3. The Nobel Prizes are announced this week. One winner was told by a teacher in 1949 that his dreams of science were “ridiculous.” John Gurdon’s instructor wrote the following on his report card: “If he can’t learn simple biological facts he would have no chance of doing the work of a specialist, and it would be sheer waste of time, both on his part, and of those who have to teach him.”
Big Bird, full buses in B.C., hackers & Lena Dunham
1. In a poll, two-thirds of CNN viewers concurred that Romney came out on top. Romney didn’t win with the under-12 demographic, however, as he said he’d cut funding to PBS, home of Big Bird, because public television is not worth borrowing money from China to fund. Luckily for him, children can’t vote.
2. Transit users in Victoria, B.C. are being passed up by full buses more than twice often as predicted by B.C. Transit before they implemented “real-time tracking.” The agency suggests post-secondary schools should stagger class start times to reduce the problem. I have a feeling this isn’t just a frustration for B.C. students. Am I right?
3. Hackers called Team GhostShell have claimed responsibility for breaking into more than 120,000 computer accounts at dozens of universities to protest what they see as high-cost and low-quality higher education. Sites at the University of British Columbia and McMaster University were on the list of what’s called “ProjectWestWind.” Identity Finder, a data-protection company, found that more than 35,000 e-mail addresses and thousands of usernames were compromised. Most of the sites were the type made by professors themselves, reports The Chronicle of Higher Education.
Freshman 15, politics in the classroom & anger at OCAD U.
1. Yesterday there was a flash sale from Chartwells at the University of Prince Edward Island during which poutine was 50 per cent off for a few hours. Cadre reporter Josh Coles took on the breaking news assignment: “This poutine was weighty. Heavy. Thick. I would compare its weight to that of a litre of chocolate milk,” he wrote.
2. The poutine and chocolate milk diet seems like evidence for that legendary Freshman 15 weight gain, but another study suggests the weight gain isn’t really 15 pounds. Researchers from Auburn University in Alabama showed that the Freshman 15 is really more like the Four-Year 12. After four years at the college, students in the study had gained an average of 11.7 pounds.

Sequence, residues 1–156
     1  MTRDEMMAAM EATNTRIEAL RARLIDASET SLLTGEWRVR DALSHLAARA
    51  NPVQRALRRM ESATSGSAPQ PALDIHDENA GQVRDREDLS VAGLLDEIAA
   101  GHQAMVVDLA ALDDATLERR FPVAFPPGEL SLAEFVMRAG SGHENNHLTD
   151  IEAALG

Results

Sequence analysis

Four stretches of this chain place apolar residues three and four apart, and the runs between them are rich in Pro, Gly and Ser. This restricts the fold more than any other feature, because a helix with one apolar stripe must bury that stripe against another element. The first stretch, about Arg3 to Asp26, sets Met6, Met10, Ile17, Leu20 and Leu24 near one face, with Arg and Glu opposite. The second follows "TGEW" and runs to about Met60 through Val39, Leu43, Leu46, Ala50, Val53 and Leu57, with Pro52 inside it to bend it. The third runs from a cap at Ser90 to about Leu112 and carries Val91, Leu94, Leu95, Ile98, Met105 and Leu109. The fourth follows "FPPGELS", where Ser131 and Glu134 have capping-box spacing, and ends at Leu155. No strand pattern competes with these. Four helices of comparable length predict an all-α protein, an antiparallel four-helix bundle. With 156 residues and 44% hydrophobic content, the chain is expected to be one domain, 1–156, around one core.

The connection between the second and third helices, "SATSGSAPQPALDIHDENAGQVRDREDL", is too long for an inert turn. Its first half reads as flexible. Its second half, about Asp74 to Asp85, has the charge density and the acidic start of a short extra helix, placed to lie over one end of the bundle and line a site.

3. Homecoming will likely make a homecoming next year at Queen’s University after students finally behaved in public with just 12 arrests over the weekend compared to 124 in 2008. In an email sent Monday to the Queen’s community, Principal Daniel Woolf wrote that he’s working with “various members of our community, including alumni, to plan for the potential safe return of fall reunions in 2013.” The University Council asked Woolf to reinstate the tradition, which was barred after many years of alcohol-related arrests. See The Perils of Drinking on Canadian Campuses for more.
Occupy, a campus caffeine ban, campus radio and the NHL
1. Ryerson lost its radio station CKLN for good last week after the CRTC denied an application to bring it back. “There were feminist programs, LGBT shows, even a series on prisoners’ rights. There was a lot of lefty politics and a lot of loopy politics. Not all of it was good, but you would struggle to hear it anywhere else,” recalls The Ryersonian. The station was shut down after years of fighting between the students’ union and non-students on the board, partly over the question how much airtime students got.
2. It’s officially one year since the Occupy Wall Street movement began. See Twitter for the latest action under #OWS, #OCCUPY and #S17.
3. One of the enduring scenes from Occupy was when University of California Davis students and alumni were violently pepper-sprayed by campus police at a peaceful protest following an eviction in November. The university just announced a settlement with 21 victims. UC spokesperson Jonathan Stein told the L.A. Times, “we did an injustice to our students that day at Davis.” Yes they did.
Hockey, marijuana v. IQ, sex drive, sea ice and Sarah Palin
1. University sports writers are being driven crazy by all this talk of another NHL lockout. Karen Aney of UFV’s The Cascade blames both the players and commissioner Gary “Buttman” Bettman. “Last time there was a lockout, we saw the emergence of poker. Seriously? That was the best that sports networks could do?,” she laments.
2. Teens who smoke marijuana regularly may suffer long-term brain damage according to a study that observed how IQ changed between the ages of 13 and 38 for more than 1,000 New Zealanders. Those who smoked heavily and early are most at risk. IQ dropped among those who were dependent on marijuana before the age of 18 by eight points on average. That’s a big drop.
3. Autumn is here and that means not just falling leaves but falling sex drives. A study that looked at five years of Google searches showed “strong and consistent” seasonal spikes in searches for pornography, online dating and prostitution in spring and early winter, with lulls this time of year.